This paper seeks to share findings of a 2 year study funded by the Scottish Government on a new model of health care delivery to detainees in police holding cells. There are few studies that explore the healthcare needs of detainees in the United Kingdom with the little available evidence indicating that detainees have higher incidents of mental health problems than the general population (Payne-James et al., 2010; Harris et al., 2006). Following critical incidents within the holding cells it was acknowledged that better service delivery was needed for health problems involving substance abuse and mental illness. In 2010 the Chief Constables of Scotland funded a two year study of a nurse led pilot model of care being delivered to such populations. This paper describes the realistic evaluation methodology used for the study and insights into the infrequently approved ethical process of studying such vulnerable populations. Key fi ndings relating to mental health will be identifi ed as a mechanism to generate critical discussion on not only models of care for holding cells populations but also the factors underpinning the effi - cacy of services when led by nurses.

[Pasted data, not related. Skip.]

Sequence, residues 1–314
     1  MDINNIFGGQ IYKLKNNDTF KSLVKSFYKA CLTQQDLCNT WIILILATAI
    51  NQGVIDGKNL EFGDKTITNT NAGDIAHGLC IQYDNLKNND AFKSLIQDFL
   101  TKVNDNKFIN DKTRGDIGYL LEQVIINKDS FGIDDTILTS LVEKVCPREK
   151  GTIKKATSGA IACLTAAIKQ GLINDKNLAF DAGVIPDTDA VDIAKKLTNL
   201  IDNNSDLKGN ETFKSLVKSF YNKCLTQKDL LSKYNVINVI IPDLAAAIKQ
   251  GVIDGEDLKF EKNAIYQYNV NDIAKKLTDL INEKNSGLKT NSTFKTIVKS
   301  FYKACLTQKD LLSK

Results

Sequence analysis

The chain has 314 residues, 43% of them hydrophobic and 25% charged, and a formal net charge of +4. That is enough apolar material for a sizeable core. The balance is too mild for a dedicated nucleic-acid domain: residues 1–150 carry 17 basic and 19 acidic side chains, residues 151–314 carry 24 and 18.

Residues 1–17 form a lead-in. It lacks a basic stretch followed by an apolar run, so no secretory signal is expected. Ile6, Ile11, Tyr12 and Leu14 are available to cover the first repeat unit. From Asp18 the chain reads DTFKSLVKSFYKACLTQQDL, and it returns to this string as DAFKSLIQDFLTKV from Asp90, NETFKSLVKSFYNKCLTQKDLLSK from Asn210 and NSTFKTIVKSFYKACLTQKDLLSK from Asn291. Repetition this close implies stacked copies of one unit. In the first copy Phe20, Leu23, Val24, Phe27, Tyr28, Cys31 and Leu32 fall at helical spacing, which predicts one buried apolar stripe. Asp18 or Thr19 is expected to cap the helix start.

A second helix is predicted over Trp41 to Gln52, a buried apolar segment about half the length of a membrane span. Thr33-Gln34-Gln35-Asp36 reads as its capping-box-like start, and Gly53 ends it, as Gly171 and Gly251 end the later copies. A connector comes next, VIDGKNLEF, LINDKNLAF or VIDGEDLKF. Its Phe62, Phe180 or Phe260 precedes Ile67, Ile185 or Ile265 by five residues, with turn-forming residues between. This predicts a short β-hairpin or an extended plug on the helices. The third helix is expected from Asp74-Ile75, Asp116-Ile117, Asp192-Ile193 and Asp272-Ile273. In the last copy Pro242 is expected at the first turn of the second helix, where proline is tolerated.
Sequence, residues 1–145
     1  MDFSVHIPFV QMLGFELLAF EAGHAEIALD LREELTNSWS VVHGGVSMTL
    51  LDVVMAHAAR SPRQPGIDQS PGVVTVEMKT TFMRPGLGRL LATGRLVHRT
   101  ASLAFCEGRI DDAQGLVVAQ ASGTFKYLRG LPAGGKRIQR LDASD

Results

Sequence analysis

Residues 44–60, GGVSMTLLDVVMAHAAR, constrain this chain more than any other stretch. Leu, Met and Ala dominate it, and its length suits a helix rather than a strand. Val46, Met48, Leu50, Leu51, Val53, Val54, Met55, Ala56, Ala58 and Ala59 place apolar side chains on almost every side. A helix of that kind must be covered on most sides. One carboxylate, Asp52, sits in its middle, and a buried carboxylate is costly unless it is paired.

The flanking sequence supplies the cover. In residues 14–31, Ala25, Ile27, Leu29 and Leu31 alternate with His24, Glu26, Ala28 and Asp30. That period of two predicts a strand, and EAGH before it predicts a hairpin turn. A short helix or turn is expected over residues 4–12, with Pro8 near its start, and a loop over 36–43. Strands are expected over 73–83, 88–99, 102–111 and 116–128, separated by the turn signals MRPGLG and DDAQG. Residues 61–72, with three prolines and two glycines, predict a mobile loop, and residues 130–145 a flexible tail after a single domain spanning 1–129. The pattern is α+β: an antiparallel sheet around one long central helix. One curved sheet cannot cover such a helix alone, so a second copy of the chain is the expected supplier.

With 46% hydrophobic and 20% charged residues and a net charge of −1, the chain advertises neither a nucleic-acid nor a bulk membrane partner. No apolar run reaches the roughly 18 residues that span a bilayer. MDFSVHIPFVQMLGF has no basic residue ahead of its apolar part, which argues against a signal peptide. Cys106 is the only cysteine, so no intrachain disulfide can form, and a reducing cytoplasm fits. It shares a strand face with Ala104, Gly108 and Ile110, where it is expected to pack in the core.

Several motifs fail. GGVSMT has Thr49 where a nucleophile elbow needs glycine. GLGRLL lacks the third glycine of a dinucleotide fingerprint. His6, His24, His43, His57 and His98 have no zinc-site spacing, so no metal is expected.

Hurley, J & Linsley, P 2012, 'A realistic evaluation of nurse led services for service users within Scottish police holding cell environments', paper presented to Australian College of Mental Health Nursing 38th International Conference: The fabric of life, Darwin, NT, 3-5 October.